Queen Creek and San Tan Valley residents no longer need to drive 20 miles or more to renew their vehicle registrations.
Power Titles, Tags and More, the first business in the Queen Creek area to offer Arizona Motor Vehicle Division services, opened in a San Tan Valley shopping center along Hunt Highway about two months ago.
Patricia Power opened the business after managing a credit union for nine years. The office is a third-party provider authorized to do services such as renewing titles.
Power's business is the newest of the 143 third-party MVD locations in Arizona. Her career change was her husband's idea. He works for the state, had seen other third-party MVD officesand suggested it was a service Power could provide.
"We've had a lot of our people, our friends, say, 'I have to go to Casa Grande today. I have to go to Coolidge. I don't want to go that far,'" Power said. "We thought maybe this is something we can do to help our neighbors out."
MVD has been trying to expand partnerships with third parties to provide services to rapidly growing or underserved areas, said Cydney DeModica, agency spokeswoman.
"They can move more quickly than the state can to move or open an office," DeModica said. "The state has to go through the budget process to obtain land and actually build and open an office, whereas the third parties are continually seeking out locations."
The last MVD office to open was in southeast Mesa, and that was in 2003 or 2004, DeModica said. That office is more than 20 miles from Power's office. The closest MVD office for those in Queen Creek and San Tan Valley is on Coolidge, about 17 miles away on the Hunt Highway.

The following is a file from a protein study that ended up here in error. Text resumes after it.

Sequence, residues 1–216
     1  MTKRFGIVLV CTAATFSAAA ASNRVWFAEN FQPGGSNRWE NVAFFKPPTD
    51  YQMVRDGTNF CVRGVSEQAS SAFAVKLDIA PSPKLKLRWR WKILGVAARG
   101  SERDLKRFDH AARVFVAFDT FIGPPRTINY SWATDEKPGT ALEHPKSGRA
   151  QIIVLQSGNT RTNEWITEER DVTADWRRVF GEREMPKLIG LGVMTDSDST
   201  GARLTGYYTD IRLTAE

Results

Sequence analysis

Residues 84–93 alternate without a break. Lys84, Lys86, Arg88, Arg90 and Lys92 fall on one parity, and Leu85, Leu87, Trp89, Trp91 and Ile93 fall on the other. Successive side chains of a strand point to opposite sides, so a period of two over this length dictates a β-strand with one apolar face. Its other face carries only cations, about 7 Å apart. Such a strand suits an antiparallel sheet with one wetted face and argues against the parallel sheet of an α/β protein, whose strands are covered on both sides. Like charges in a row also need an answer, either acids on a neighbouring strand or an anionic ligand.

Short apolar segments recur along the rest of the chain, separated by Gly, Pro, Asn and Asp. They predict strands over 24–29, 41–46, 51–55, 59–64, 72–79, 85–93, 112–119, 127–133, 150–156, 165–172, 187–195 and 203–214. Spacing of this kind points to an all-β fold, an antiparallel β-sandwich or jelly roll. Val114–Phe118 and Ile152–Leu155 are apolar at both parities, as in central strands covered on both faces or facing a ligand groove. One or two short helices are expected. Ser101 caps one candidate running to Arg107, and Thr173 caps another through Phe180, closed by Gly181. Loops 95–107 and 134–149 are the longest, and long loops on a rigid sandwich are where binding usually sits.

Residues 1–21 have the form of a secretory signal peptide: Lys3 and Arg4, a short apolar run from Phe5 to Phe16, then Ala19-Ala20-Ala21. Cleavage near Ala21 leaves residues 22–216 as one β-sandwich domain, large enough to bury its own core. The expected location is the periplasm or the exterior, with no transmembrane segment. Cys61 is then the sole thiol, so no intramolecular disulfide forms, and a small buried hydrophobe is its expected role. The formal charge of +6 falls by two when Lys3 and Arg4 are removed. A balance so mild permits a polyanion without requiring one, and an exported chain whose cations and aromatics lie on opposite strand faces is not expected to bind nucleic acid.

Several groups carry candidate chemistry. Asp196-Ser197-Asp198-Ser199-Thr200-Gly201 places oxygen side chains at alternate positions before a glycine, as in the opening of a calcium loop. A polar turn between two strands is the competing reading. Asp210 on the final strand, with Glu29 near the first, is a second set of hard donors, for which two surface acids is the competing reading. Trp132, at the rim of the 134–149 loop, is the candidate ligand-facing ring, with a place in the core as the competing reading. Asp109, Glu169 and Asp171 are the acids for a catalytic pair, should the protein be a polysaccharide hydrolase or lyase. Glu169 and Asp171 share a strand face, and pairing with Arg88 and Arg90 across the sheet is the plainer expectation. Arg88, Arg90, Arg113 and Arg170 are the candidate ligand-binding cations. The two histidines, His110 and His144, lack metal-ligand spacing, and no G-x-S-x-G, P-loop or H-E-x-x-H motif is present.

It took Power and her daughter, Candi Segovia, about two years to become certified to run the office. They can renew titles and tags, transfer licenses, perform basic inspections to verify who the vehicle belongs to, and replace driver's licenses, among other services.
Power said customer service sets her office apart from some of the state-run offices.
Waits are generally 10 minutes or less. Customers are called by name instead of taking a number and only have to wait in one line to take care of everything they need, she said.
They also have longer hours than most offices, staying open until 6 p.m. on Fridays and working part of Saturday.
The business makes money by charging a convenience fee. The fees are visible on a sign Power has advertising the state's rates for services compared with what her business charges. For instance, title transfers cost $10 more at Power's office than a state MVD.
But she said there are customers willing to pay.
"A $10 fee for being here for 10 minutes and not having to take half a day off; people are willing to pay the $10 fee," Power said. "Or you would put the $10 in gas into your car to drive to Coolidge."